Austin Eddy at Get This! Gallery

In his recent exhibition of paintings at Get This! Gallery, Brooklyn-based artist Austin Eddy organizes modest visual effects with an orthogenetic approach that wouldn’t have seemed possible ten years ago, in an environment where most contemporary painting harnessed an ideology of technology largely un-negotiated with its inherent tensions. Before this sea-change, artwork of a type that might be appropriated from popular culture or crafted with the sophistication of a consumer product masked opaque supporting processes like a computer program, designed to promote a culture of visibility, and hides an invisible architecture of code. In Someone to ride the river with, compositions are available and unplanned. Club-footed figures with honkable features dwell in readable, refreshing, and thought-provoking configurations. The paintings’ restricted color palette is a result of the artist’s exclusive use of raw canvas, caulk, charcoal, and black spray paint. Non-traditional art materials are collaged together in a practical way, dressed when necessary with value.

Eddy’s characters seem vocational, wearing big hats, pantaloons, and hatched thoraces of regret. Figures smoke and drink, drifting in and out of a rarefied economy of polka dots and stripes denoting clothing patterns and suggested interiors. Eddy’s characters could be from Don Quixote, with official insignias and period attire. They seem to have forgotten whether they are at work or at play. They fall down a lot, living in transitional environments like backrooms or vague half-dream pixelscapes. The figures’ pathetic qualities are redolent with post-workerism fatigue, and speak to the artist’s sense of struggle as well as the generalized climate in the art world of tragicomic corruption.

Several works in the series rely on old new visual tropes. Anything goes reads like a Stuart Davis composition. Jazzy doodles and pictorial syncopation camouflage a clown that chain smokes into a night sky and cries on his own feet. The figure is bent over backward, smooshed into place. A barber poll hems in the contorted torso. Character features are distilled into design elements. A white keyhole in the lower right corner operates as the visual opposite of the clown’s inflated and upturned black nose that waits for God or fate to squeeze. How Did You Find Me Here? has similar charm. Housed inside a small, hand-painted black frame, the painting depicts a uniformed individual under a night sky, again sad, again partially obscured into sprayed lines that look like a view through blinds, a device repeated in Can’t Live Long Like This. This bleeding of background through figure resembles similar uses by Léger, or Raoul Dufy, and saw popularity in mid-century illustration where design informed figuration. Fast and loose brushwork imitated jazz, setting the figures adrift in a shifting soup of foreground and background.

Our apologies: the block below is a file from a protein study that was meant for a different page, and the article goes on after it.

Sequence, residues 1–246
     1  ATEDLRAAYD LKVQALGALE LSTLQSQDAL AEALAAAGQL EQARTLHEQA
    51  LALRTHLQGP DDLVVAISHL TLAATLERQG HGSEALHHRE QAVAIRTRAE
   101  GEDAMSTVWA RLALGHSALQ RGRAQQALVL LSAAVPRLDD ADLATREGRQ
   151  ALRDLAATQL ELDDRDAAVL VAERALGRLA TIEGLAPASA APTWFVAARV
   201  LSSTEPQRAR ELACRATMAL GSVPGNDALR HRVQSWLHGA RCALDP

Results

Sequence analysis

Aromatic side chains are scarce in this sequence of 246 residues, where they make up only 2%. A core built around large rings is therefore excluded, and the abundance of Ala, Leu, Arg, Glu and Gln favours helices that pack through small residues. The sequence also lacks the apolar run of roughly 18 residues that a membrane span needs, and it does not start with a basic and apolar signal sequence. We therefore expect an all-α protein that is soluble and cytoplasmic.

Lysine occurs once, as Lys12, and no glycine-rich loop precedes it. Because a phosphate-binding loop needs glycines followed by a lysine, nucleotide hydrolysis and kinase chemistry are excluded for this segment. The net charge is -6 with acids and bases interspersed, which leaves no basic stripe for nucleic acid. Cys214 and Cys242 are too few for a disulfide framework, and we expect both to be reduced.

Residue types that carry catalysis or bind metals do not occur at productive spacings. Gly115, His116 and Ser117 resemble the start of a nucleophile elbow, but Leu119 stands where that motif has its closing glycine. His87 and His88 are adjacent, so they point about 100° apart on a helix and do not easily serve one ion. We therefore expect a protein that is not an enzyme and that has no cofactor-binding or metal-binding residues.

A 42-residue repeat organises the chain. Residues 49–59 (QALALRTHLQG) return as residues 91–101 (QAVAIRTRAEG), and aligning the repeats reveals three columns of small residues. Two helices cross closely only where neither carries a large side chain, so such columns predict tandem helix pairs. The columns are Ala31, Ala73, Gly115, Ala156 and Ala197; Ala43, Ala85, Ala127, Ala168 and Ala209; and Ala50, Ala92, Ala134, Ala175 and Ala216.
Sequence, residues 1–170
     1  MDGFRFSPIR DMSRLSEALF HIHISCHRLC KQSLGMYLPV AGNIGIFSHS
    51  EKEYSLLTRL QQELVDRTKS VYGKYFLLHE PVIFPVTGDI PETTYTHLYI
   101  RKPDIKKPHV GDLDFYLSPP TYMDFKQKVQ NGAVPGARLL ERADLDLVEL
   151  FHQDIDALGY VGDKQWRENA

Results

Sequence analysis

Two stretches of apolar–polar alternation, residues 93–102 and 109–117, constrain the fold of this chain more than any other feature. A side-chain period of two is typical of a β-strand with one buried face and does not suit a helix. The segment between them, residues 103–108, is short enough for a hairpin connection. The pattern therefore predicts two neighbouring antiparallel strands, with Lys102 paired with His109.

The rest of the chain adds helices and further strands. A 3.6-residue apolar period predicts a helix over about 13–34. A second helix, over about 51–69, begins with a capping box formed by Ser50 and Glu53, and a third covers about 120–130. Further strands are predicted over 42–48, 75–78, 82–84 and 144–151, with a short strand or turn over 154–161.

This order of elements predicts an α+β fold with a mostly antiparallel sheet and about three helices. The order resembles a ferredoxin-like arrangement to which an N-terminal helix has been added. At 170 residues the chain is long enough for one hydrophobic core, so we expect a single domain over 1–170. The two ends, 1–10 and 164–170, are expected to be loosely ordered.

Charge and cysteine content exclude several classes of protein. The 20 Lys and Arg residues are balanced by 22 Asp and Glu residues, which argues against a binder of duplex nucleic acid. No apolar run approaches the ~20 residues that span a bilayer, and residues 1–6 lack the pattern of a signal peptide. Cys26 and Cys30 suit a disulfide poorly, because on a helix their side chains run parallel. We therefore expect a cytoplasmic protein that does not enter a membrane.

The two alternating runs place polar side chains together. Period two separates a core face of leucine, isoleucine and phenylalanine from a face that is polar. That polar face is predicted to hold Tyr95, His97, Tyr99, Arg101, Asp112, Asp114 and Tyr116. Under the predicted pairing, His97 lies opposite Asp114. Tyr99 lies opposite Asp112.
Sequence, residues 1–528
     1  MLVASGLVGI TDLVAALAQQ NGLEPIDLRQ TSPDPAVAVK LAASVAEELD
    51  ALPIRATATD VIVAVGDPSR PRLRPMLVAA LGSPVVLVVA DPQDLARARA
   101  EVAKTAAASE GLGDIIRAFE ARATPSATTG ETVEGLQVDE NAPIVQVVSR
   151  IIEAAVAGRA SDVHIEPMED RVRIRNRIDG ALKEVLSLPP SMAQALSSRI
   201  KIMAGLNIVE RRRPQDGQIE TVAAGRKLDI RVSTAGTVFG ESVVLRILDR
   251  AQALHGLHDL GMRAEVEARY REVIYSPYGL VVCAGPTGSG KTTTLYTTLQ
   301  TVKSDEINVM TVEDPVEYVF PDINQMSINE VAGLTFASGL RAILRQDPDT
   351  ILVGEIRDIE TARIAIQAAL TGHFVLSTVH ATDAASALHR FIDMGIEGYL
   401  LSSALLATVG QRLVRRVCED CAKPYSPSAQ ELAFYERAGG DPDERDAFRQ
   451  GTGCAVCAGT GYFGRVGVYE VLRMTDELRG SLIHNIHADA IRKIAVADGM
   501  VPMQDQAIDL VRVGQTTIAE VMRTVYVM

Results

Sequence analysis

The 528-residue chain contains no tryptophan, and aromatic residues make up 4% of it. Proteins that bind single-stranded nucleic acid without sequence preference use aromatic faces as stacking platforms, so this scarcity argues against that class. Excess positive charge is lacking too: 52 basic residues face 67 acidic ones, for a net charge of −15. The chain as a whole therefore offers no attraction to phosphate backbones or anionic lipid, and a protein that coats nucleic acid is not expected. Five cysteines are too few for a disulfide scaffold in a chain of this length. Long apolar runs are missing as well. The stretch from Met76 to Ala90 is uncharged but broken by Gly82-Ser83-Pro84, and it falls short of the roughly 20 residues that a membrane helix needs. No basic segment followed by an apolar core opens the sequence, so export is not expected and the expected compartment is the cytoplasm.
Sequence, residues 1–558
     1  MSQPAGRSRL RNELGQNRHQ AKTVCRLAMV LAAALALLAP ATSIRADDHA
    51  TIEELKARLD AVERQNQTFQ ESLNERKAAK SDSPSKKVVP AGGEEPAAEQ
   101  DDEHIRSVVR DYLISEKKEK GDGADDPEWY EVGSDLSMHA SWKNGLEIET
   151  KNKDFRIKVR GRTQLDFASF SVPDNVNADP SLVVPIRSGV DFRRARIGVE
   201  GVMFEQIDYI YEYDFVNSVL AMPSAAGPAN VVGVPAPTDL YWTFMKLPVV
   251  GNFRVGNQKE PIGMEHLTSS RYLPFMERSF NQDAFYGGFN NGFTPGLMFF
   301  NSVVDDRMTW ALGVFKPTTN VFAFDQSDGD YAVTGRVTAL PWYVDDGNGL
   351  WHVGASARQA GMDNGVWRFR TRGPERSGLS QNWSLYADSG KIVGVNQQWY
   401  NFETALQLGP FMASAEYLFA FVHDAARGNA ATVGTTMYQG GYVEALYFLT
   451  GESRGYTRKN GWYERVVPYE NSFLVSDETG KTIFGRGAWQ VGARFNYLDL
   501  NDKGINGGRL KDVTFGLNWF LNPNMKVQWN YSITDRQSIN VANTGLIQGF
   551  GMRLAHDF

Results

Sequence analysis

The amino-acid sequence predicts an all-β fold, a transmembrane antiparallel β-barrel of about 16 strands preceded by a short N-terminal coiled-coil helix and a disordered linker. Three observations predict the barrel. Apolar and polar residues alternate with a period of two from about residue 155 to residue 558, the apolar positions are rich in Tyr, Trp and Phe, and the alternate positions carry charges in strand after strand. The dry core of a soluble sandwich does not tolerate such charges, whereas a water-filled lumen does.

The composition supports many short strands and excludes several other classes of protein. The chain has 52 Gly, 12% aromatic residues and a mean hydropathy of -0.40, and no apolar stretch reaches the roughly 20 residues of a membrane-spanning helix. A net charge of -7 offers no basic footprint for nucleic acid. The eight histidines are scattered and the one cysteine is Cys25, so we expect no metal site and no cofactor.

Conjuring the view of a live theater, Misery and Gin explores the sad sack through an elevation view, which is also used in Helping or Herding. Both works are large, containing multiple characters. In the first painting, a soot-covered figure with lumpy contours is bent over forward as another figure whose skin is similarly ashen rides on his back. One man holds a martini. Elements of the paintings, especially uniforms, seem to spangle and pivot in place, expedited by rhythmic spacing and monochromatic balance. In Helping or Herding, a dark man bends forward, scooping up a woman who reaches up to return his embrace. The artist pays special attention to ornamentation, which shines most notably in the man’s boots. Painted quickly but carefully, every lace and flourish feels considered. A scroll of silhouetted heads flashes across the bottom, under both characters’ feet. Aided by bleeding striped backgrounds and floating circular orbs that resemble moons, the watchful faceless gazes loom alarmingly. As a symbol for an audience, they denote a one-way view that enervates the looked-upon. In the paintings, Eddy cultivates a deep antipathy for the hybrid living/performance space of his characters which bears a striking resemblance to our own confused and emergent contemporary art culture.


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